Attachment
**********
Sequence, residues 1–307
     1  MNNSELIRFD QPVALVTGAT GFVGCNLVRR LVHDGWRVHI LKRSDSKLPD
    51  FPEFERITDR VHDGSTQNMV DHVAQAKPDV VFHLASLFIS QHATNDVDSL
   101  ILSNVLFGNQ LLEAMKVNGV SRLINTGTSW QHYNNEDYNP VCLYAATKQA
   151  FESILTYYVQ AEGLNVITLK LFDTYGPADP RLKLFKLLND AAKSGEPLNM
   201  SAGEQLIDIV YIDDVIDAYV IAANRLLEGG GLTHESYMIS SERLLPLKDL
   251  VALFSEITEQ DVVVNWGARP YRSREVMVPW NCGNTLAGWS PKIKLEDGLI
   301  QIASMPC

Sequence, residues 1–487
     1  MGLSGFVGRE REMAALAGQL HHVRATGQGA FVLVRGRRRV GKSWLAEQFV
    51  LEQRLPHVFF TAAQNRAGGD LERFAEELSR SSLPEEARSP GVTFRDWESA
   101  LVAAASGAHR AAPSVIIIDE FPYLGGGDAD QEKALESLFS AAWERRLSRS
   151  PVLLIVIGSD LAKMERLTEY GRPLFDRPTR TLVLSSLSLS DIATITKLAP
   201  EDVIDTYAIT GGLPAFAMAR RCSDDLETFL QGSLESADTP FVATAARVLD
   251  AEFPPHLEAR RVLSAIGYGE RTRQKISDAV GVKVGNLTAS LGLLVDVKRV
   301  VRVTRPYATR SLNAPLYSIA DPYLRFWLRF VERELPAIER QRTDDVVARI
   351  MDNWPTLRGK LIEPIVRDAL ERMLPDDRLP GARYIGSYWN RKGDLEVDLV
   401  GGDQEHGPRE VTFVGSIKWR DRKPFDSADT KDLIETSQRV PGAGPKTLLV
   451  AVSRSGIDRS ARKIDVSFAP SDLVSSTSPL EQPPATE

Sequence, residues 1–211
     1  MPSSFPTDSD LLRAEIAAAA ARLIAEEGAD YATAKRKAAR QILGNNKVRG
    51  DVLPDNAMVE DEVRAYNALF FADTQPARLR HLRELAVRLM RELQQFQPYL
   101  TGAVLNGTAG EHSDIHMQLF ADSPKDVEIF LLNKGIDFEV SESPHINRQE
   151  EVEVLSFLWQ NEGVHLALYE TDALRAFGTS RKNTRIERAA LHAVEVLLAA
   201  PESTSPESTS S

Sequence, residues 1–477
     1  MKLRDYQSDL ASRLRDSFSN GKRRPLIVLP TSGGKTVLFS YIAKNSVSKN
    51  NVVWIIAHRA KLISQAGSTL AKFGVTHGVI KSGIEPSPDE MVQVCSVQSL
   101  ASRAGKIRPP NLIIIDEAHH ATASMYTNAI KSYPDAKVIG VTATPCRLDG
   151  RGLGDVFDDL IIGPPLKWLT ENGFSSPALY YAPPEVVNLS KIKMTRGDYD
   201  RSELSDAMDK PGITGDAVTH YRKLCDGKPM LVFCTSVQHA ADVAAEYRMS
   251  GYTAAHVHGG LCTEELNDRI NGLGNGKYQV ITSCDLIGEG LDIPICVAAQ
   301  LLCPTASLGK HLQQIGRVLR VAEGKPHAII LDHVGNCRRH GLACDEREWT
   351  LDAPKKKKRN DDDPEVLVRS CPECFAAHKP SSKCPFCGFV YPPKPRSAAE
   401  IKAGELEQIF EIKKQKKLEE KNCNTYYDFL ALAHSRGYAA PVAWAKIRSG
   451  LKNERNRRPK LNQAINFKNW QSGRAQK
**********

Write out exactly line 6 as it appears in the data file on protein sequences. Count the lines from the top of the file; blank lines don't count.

   201  SAGEQLIDIV YIDDVIDAYV IAANRLLEGG GLTHESYMIS SERLLPLKDL